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Essex & Suffolk Water has joined 28 other energy and utilities employers today to launch a long-term commitment to attract more diverse and inclusive talent into their industry, reflecting the communities they serve.

The Energy & Utilities Skills Partnership, led by 28 of the country’s leading sector employers, recognised in its Workforce Renewal Skills Strategy: 2020 that its current workforce fails to fully represent the 65 million people it serves every day. It has been joined by an additional four organisations in making today’s pledge.

83% of the sector’s workforce are male, compared to 47% for all sectors nationally. Women, people with disabilities, the BAME community and under 24s have traditionally been under-represented in the energy and utilities sector, compared to national averages.

Alison Corner, Employee Engagement Manager at Essex & Suffolk Water, said: “We are passionate about attracting, supporting and retaining a diverse workforce. Being truly inclusive and representative of our communities is essential if we are to achieve the ambitious goals we have set ourselves for the future, in areas including customer experience, affordability and innovation. This is an important commitment working with others in the sector to really drive change and we look forward to continuing to see improvements in the diversity of the water industry and beyond”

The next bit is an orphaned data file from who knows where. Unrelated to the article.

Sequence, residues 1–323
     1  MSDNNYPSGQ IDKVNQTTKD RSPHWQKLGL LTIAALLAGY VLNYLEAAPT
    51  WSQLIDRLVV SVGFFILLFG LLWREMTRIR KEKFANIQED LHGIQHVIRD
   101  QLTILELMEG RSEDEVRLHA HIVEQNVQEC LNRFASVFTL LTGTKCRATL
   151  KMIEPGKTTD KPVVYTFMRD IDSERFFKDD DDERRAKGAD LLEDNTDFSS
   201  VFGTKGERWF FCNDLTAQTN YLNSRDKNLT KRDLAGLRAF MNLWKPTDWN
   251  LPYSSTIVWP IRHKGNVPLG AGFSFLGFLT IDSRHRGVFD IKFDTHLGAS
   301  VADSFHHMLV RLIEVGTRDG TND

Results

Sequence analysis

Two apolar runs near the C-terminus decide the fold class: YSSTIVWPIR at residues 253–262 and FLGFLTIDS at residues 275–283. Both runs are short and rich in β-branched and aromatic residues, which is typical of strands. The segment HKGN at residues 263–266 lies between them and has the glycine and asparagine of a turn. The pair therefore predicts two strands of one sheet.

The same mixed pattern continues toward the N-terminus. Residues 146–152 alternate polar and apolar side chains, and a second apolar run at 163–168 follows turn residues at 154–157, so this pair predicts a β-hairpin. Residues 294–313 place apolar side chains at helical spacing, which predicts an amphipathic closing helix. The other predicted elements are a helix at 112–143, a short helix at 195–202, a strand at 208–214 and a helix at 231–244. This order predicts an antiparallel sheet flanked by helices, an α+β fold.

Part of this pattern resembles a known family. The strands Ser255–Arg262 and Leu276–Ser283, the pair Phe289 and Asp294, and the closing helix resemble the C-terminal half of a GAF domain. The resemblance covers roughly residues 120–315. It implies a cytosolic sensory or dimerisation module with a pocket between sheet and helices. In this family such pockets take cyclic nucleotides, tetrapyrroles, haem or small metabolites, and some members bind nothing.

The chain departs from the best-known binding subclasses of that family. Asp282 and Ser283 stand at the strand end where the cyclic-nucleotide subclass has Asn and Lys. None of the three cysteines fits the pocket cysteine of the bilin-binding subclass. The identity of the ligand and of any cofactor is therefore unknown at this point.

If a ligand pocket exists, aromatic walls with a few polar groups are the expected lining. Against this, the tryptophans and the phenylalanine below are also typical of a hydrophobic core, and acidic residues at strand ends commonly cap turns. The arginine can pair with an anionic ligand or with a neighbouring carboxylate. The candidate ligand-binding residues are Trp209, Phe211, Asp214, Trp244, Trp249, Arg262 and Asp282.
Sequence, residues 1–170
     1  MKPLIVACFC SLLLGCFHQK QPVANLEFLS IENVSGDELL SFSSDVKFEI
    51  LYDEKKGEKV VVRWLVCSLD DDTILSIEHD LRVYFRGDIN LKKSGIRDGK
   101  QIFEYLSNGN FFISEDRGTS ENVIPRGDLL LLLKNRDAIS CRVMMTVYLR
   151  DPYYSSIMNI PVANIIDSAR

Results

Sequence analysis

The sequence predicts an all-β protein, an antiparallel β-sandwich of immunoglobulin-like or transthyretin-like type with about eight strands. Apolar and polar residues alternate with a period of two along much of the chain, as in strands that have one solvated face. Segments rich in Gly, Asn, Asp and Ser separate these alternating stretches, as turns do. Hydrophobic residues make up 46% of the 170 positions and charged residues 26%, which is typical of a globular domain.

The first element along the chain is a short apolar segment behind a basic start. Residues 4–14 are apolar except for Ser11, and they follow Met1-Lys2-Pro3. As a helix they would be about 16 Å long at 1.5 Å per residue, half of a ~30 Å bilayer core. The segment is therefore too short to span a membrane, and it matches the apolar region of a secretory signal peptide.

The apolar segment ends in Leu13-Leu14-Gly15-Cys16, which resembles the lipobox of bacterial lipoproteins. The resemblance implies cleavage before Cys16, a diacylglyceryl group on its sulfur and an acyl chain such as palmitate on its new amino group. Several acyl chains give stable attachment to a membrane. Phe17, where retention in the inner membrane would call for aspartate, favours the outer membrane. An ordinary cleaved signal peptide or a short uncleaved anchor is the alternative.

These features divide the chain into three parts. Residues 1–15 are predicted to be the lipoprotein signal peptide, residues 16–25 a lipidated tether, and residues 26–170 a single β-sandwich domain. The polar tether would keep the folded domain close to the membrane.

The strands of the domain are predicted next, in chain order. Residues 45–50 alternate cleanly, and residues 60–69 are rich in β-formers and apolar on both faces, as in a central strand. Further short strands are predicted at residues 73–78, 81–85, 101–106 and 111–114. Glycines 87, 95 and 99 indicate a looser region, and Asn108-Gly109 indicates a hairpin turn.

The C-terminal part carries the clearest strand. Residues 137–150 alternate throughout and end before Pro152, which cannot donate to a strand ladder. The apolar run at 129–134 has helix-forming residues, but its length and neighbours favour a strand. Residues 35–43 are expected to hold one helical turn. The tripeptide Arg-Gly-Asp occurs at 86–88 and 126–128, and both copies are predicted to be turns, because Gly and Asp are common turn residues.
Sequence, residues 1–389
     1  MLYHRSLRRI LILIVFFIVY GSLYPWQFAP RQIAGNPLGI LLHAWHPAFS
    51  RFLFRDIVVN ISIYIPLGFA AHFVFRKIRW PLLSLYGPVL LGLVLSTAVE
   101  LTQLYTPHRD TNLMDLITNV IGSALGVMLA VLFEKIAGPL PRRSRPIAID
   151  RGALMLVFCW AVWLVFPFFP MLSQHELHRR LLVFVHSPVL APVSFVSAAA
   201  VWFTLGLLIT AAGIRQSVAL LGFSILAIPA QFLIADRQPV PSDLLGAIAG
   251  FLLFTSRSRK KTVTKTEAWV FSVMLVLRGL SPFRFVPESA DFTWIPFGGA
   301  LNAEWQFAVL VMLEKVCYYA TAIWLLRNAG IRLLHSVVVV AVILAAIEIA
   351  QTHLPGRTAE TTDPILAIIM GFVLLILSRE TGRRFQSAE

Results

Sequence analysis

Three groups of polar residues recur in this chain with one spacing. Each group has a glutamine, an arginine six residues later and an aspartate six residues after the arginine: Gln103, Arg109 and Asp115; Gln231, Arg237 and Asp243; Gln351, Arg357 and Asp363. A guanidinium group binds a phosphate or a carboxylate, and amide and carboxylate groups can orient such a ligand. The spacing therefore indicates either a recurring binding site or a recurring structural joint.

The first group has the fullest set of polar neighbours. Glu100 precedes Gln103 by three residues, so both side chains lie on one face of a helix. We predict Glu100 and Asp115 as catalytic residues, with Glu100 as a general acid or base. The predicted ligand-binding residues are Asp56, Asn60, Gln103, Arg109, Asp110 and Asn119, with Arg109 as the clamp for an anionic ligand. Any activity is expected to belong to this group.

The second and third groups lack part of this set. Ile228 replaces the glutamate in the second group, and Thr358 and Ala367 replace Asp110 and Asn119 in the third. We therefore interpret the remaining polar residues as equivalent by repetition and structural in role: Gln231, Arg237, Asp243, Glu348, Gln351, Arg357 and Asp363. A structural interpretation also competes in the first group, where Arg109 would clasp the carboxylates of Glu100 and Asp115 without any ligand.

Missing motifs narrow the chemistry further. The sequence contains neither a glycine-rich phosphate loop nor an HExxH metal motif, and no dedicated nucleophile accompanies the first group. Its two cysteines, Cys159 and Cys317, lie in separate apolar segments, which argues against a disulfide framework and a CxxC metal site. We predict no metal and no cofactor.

To tackle this challenge, and to build a resilient workforce for the future, the 32 leading employers have committed themselves to drive change and work collaboratively to attract, recruit and retain a more diverse talent to the sector. Employing around 566,000 people across the UK, the sector will need over 220,000 new recruits to fill its expected skills gap by 2027.

The commitment will challenge the sector to act and think differently and aims to inspire and connect with underrepresented groups, attracting new talent and ideas into the energy and utilities industry. It is underpinned by five principles* that commit to working collaboratively and sharing best practice, whilst creating an inclusive culture that enables us to attract, recruit and develop our people in a way where progress can be measured and transparent.

Proactively working with and attracting under-represented talent will be crucial to ensuring a resilient, future-proofed workforce that is a vital part of improving UK productivity and growth. Government will invest more than £425 billion in over 600 major projects across the UK (to 2020/21 and beyond). Nearly half the projects in this pipeline are assigned to electricity, gas, water & sewerage, and waste, making the energy and utilities sector the largest single contributor to government’s UK infrastructure strategy.